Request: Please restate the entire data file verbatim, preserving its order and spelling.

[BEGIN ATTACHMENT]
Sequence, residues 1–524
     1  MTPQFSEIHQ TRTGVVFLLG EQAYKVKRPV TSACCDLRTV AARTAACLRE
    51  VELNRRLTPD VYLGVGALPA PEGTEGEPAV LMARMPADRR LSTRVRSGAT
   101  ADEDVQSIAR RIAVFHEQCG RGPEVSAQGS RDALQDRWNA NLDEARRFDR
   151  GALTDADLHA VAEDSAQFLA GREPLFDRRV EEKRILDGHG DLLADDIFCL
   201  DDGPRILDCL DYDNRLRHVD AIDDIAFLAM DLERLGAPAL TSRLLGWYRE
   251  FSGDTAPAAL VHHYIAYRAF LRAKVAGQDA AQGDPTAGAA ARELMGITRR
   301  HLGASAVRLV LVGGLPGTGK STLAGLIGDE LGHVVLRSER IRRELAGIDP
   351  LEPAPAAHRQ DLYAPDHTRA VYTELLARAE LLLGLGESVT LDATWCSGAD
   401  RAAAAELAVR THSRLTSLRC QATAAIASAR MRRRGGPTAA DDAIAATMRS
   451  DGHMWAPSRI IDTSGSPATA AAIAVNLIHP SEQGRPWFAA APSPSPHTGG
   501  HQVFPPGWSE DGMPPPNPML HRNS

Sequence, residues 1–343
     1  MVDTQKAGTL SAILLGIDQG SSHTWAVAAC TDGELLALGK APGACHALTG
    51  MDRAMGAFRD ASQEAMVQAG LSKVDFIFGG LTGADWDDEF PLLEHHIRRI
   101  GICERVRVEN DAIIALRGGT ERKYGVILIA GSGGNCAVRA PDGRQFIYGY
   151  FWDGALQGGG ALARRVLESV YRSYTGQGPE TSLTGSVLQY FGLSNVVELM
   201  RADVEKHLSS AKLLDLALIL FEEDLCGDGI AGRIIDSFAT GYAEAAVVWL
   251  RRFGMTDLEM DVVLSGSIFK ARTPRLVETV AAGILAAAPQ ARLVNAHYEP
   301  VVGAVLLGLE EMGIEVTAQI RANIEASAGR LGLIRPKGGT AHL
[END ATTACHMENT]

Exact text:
Sequence, residues 1–524
     1  MTPQFSEIHQ TRTGVVFLLG EQAYKVKRPV TSACCDLRTV AARTAACLRE
    51  VELNRRLTPD VYLGVGALPA PEGTEGEPAV LMARMPADRR LSTRVRSGAT
   101  ADEDVQSIAR RIAVFHEQCG RGPEVSAQGS RDALQDRWNA NLDEARRFDR
   151  GALTDADLHA VAEDSAQFLA GREPLFDRRV EEKRILDGHG DLLADDIFCL
   201  DDGPRILDCL DYDNRLRHVD AIDDIAFLAM DLERLGAPAL TSRLLGWYRE
   251  FSGDTAPAAL VHHYIAYRAF LRAKVAGQDA AQGDPTAGAA ARELMGITRR
   301  HLGASAVRLV LVGGLPGTGK STLAGLIGDE LGHVVLRSER IRRELAGIDP
   351  LEPAPAAHRQ DLYAPDHTRA VYTELLARAE LLLGLGESVT LDATWCSGAD
   401  RAAAAELAVR THSRLTSLRC QATAAIASAR MRRRGGPTAA DDAIAATMRS
   451  DGHMWAPSRI IDTSGSPATA AAIAVNLIHP SEQGRPWFAA APSPSPHTGG
   501  HQVFPPGWSE DGMPPPNPML HRNS

Sequence, residues 1–343
     1  MVDTQKAGTL SAILLGIDQG SSHTWAVAAC TDGELLALGK APGACHALTG
    51  MDRAMGAFRD ASQEAMVQAG LSKVDFIFGG LTGADWDDEF PLLEHHIRRI
   101  GICERVRVEN DAIIALRGGT ERKYGVILIA GSGGNCAVRA PDGRQFIYGY
   151  FWDGALQGGG ALARRVLESV YRSYTGQGPE TSLTGSVLQY FGLSNVVELM
   201  RADVEKHLSS AKLLDLALIL FEEDLCGDGI AGRIIDSFAT GYAEAAVVWL
   251  RRFGMTDLEM DVVLSGSIFK ARTPRLVETV AAGILAAAPQ ARLVNAHYEP
   301  VVGAVLLGLE EMGIEVTAQI RANIEASAGR LGLIRPKGGT AHL